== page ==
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Chairman of the Forum, Dr. Kayode Fayemi who is also the Governor of Ekiti state had in Communiqué at the end of the Forum’s eight teleconference meeting added that the consultation must include a public hearing to gather public opinion and concerns on the proposed Bill.

However, responding to the advice by the Governor’s Forum, the House of Representatives said it does not legislate for the states and therefore should not be “cowed” from doing its Constitutional responsibility.

The spokesman of the House, Hon. Benjamin Kalu in a statement regretted that Hon. Aminu Tambuwal who is a former Speaker of the House stood a better position to rightly inform the Governors Forum but failed to do so.

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Hon. Kalu went ahead to call for the disqualification of Tambuwal who is also the Governor of Sokoto state from a proposed consultative meeting with the Nigeria Governors Forum accusing him of being biased towards the Infectious Disease Control Bill insisting that Tambuwal misled and misguided the Forum into asking the House to step down the Bill.

“We assume that his position was informed by his well-known personal and partisan opposition to the emergence of the current leadership of House led by Hon. Femi Gbajabiamila considering his obvious stance in 2015 and 2019,” he stated.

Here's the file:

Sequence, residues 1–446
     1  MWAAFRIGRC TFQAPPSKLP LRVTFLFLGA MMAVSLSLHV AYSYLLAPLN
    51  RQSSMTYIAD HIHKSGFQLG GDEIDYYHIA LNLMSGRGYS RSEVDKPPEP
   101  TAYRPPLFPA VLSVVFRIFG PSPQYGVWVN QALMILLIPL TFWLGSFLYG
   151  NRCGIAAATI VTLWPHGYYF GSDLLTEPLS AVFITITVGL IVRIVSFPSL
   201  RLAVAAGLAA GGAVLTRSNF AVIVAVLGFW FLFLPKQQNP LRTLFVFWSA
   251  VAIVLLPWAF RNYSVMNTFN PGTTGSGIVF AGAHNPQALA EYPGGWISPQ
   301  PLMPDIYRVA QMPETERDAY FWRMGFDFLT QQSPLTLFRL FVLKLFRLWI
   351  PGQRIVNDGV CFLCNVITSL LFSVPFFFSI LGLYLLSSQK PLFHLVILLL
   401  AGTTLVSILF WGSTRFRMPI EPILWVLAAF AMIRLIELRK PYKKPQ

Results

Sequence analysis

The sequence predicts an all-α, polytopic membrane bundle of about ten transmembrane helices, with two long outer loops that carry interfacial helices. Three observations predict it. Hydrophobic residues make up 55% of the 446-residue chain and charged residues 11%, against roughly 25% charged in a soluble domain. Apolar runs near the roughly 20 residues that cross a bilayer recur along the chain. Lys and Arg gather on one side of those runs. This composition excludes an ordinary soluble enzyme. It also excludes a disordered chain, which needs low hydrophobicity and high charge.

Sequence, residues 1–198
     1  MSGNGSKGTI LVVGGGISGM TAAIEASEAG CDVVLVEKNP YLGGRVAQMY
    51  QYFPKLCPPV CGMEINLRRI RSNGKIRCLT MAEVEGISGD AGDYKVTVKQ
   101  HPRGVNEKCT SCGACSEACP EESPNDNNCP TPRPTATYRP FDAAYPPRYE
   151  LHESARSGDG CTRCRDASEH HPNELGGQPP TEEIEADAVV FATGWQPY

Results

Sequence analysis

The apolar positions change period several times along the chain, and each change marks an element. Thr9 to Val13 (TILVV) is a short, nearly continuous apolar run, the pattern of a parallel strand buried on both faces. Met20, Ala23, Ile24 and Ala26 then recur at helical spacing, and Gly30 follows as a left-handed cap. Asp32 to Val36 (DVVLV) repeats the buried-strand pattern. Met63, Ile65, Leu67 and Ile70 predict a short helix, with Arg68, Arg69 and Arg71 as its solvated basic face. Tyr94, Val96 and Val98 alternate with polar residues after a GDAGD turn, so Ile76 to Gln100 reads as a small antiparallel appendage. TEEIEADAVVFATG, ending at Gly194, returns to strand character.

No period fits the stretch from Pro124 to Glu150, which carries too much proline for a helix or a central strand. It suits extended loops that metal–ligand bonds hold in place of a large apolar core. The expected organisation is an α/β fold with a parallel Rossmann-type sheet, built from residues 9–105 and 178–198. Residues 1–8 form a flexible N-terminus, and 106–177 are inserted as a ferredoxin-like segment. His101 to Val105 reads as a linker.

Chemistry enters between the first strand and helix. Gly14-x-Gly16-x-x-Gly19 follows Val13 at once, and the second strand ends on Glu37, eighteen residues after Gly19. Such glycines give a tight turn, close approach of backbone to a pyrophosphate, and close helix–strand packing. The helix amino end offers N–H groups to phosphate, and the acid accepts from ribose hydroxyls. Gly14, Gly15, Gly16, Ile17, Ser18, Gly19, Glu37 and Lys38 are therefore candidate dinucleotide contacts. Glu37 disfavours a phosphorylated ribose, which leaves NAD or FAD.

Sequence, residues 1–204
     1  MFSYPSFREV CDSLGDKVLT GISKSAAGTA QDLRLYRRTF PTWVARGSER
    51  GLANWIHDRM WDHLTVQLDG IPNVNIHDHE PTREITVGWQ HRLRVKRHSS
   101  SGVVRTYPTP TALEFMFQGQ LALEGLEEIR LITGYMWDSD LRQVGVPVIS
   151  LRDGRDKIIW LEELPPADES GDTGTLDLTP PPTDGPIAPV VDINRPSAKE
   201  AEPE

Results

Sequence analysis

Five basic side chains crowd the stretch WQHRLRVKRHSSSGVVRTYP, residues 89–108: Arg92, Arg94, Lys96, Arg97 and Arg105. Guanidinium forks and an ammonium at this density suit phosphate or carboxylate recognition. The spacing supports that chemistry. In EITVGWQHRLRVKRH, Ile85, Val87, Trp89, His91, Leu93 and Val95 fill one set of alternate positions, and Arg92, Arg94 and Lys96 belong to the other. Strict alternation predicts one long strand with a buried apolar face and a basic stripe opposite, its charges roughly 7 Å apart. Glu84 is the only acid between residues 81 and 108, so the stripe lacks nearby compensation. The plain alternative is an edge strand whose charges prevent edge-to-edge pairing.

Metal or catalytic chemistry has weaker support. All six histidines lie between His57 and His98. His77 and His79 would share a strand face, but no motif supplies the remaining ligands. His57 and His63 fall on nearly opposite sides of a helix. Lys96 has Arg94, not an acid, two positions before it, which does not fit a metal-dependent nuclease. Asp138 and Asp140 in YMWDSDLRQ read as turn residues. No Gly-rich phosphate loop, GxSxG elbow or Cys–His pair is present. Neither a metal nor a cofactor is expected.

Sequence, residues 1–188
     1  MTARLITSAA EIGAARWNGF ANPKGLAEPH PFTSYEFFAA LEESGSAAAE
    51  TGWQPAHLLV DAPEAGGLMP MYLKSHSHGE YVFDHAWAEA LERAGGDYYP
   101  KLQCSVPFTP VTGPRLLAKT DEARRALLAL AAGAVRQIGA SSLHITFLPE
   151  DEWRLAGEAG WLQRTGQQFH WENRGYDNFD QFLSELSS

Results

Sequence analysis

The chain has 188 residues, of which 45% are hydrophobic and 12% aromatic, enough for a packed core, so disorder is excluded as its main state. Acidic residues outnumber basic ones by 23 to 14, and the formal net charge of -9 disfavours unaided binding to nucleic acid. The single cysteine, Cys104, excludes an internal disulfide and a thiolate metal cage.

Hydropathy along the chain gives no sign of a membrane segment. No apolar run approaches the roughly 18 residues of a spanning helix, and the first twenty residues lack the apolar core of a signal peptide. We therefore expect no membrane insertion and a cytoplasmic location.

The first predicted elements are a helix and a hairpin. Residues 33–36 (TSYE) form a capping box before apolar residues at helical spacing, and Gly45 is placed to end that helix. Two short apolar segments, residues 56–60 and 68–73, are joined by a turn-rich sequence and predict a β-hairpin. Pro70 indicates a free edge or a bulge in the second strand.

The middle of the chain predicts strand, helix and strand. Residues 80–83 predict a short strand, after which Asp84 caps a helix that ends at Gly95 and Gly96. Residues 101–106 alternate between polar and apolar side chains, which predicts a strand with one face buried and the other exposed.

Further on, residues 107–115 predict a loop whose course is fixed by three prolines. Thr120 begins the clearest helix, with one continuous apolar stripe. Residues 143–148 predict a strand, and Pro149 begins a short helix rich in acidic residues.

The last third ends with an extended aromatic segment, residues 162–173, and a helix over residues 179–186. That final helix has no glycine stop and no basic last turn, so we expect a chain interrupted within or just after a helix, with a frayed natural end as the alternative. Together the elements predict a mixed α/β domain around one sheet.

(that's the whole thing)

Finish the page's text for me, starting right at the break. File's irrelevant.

He said that the House of Representatives would proceed with the legislative work on the controversial Infectious Disease Control Bill because according to him, the House of Representatives and National Assembly in general are not under the control of any state governor.

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Also the House of Representatives has insisted on the consideration of the contentious Control of Infectious Diseases Bill explaining that it has not been stopped by a Federal High Court sitting in Abuja.

In a statement yesterday, he House regretted that a section of the media had erroneously reported that the Federal High Court in its ruling on suit no FHC/ABJ/CS/463/2020 last week had stopped the further consideration of the bill.

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The House spokesman explained that though the applicant, through a motion ex parts, had sought an order of the court suspending the consideration of the bill, the court declined to grant the reliefs sought by the applicant so as to allow the respondent to appear before it and enter a defence.